Also known as Air Quality Instrument Specialist, Engineer Technician, Environmental Engineering Assistant, Environmental Engineering Technician, Environmental Field Technician, Environmental Technician, Haz Tech (Hazardous Technician), Senior Environmental Technician
Also known as Air Quality Instrument Specialist, Engineer Technician, Environmental Engineering Assistant
Explore how your personality fits with Environmental Engineering Technician and hundreds of other career paths.Create your free account
Environmental Engineering Technicians apply theory and principles of environmental engineering to modify, test, and operate equipment and devices used in the prevention, control, and remediation of environmental problems, including waste treatment and site remediation, under the direction of engineering staff or scientists.
In addition, Environmental Engineering Technicians may assist in the development of environmental remediation devices.
Environmental Engineering Technicians are often responsible for overseeing or executing some or all of the following tasks:
The above responsibilities are specific to Environmental Engineering Technicians. More generally, Environmental Engineering Technicians are involved in several broader types of activities:
The median salary for an Environmental Engineering Technician is $51,630, and the average salary is $56,570. Both the median and average roughly describe the middle of the Environmental Engineering Technician salary range, but the average is more easily affected by extremely high or low salaries.
Many Environmental Engineering Technicians earn significantly more or less than the average, due to several factors. About 10% of Environmental Engineering Technicians earn less than $32,850 per year, 25% earn less than $39,330, 75% earn less than $67,100, and 90% earn less than $87,730.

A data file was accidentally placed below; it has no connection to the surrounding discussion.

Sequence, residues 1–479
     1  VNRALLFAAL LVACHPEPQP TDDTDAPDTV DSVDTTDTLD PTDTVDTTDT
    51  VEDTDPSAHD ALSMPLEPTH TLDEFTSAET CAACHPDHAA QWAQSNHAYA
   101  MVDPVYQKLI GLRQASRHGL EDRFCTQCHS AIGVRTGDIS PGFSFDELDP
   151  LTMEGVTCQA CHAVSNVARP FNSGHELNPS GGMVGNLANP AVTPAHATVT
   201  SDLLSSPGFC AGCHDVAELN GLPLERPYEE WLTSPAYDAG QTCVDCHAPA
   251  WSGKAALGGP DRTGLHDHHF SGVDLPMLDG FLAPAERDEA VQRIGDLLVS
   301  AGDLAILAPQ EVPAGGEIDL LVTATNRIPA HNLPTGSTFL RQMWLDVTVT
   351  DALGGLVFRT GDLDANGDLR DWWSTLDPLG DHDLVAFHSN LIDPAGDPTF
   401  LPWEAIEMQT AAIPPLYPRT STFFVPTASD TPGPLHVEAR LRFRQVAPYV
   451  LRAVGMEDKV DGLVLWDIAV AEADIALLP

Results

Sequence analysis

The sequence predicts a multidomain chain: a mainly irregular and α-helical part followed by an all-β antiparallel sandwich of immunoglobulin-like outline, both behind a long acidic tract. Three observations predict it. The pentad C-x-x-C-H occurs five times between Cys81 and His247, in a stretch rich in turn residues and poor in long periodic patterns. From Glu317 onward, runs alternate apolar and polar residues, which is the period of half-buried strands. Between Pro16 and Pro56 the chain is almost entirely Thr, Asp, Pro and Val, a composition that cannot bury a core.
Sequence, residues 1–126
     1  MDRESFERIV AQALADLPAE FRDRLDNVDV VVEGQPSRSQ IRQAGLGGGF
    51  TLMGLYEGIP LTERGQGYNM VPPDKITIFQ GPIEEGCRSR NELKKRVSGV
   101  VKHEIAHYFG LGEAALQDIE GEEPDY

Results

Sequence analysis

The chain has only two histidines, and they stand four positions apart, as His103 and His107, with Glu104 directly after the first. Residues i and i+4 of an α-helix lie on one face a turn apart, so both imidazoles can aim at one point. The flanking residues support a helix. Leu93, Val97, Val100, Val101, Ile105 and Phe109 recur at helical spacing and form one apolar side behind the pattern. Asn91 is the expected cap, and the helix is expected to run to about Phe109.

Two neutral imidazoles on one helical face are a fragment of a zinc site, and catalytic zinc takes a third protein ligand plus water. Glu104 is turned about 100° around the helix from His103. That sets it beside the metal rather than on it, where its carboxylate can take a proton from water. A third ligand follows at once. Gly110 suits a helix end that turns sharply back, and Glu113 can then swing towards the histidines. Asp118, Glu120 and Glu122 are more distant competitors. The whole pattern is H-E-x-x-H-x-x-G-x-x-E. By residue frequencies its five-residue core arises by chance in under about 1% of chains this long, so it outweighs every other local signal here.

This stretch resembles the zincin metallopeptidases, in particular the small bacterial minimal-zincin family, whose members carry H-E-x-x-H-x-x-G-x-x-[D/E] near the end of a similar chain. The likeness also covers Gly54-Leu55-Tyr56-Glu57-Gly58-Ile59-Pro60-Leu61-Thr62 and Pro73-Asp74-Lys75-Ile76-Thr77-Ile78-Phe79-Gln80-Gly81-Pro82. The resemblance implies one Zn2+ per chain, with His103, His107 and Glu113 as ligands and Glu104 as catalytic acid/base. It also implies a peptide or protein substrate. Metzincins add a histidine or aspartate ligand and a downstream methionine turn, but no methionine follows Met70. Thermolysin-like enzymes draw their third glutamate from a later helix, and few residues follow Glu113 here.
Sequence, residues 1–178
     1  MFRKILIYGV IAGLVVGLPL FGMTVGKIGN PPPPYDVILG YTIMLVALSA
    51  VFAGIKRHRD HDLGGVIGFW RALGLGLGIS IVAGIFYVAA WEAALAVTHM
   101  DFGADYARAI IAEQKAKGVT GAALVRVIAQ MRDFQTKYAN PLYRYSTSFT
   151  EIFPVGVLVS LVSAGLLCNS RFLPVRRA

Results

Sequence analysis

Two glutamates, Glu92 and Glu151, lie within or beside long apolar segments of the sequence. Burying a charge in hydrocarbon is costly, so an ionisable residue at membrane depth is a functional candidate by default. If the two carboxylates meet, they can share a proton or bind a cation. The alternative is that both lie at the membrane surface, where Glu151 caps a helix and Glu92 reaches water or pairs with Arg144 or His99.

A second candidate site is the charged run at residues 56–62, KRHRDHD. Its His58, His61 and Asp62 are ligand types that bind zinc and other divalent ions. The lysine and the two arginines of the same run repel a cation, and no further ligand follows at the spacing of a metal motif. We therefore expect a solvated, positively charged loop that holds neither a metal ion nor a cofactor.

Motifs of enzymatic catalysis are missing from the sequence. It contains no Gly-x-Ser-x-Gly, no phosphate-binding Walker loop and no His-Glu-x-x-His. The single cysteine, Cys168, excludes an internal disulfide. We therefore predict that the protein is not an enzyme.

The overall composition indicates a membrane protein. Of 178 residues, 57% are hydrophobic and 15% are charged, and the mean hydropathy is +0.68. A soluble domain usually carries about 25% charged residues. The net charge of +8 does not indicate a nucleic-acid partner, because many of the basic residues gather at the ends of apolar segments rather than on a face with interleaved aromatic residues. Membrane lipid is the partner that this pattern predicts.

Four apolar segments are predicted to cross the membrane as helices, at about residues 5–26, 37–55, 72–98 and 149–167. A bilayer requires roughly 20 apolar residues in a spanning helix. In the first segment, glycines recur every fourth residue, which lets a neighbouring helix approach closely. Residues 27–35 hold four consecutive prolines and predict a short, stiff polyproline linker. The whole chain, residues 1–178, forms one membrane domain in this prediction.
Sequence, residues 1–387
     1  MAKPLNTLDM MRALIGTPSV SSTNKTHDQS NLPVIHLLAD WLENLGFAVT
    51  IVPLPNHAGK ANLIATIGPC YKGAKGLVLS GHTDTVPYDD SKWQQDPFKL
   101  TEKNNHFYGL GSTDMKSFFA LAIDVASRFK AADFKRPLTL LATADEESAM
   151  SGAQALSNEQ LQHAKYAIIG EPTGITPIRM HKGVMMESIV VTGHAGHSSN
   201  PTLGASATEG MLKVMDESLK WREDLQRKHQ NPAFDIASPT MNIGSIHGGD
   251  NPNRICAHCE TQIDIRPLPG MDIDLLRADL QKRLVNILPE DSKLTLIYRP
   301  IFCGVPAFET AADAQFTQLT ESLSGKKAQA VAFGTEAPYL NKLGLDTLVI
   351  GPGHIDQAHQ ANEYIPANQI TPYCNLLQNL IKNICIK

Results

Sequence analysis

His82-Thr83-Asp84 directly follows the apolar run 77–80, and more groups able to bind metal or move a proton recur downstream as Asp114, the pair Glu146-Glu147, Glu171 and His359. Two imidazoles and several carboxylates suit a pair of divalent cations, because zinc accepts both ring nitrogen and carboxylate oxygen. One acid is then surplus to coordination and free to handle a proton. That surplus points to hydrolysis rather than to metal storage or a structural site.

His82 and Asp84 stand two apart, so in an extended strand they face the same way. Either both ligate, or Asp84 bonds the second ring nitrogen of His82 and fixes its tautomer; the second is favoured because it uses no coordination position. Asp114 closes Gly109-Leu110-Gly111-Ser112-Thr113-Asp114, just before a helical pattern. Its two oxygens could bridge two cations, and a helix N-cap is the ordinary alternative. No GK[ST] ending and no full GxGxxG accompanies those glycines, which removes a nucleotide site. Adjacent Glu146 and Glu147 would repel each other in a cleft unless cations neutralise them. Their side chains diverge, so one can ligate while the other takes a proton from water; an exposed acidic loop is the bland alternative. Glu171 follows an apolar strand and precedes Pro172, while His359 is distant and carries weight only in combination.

Between the years of 2020 and 2030, the number of Environmental Engineering Technicians is expected to change by 7.5%, and there should be roughly 1,800 open positions for Environmental Engineering Technicians every year.
Career interests describe a person's preferences for different types of working environments and activities. When a person's interest match the demands of an occupation, people are usually more engaged and satisfied in that role.
Compared to most occupations, those who work as an Environmental Engineering Technician are usually higher in their Realistic, Investigative, and Conventional interests.
Environmental Engineering Technicians typically have very strong Realistic interests. Realistic occupations frequently involve work activities that include practical, hands-on problems and solutions. They often deal with plants, animals, and real-world materials like wood, tools, and machinery. Many of the occupations require working outside, and do not involve a lot of paperwork or working closely with others.
Also, Environmental Engineering Technicians typically have strong Investigative interests. Investigative occupations frequently involve working with ideas, and require an extensive amount of thinking. These occupations can involve searching for facts and figuring out problems mentally.
Lastly, Environmental Engineering Technicians typically have strong Conventional interests. Conventional occupations frequently involve following set procedures and routines. These occupations can include working with data and details more than with ideas. Usually there is a clear line of authority to follow.
People differ in their values, or what is most important to them for building job satisfaction and fulfillment.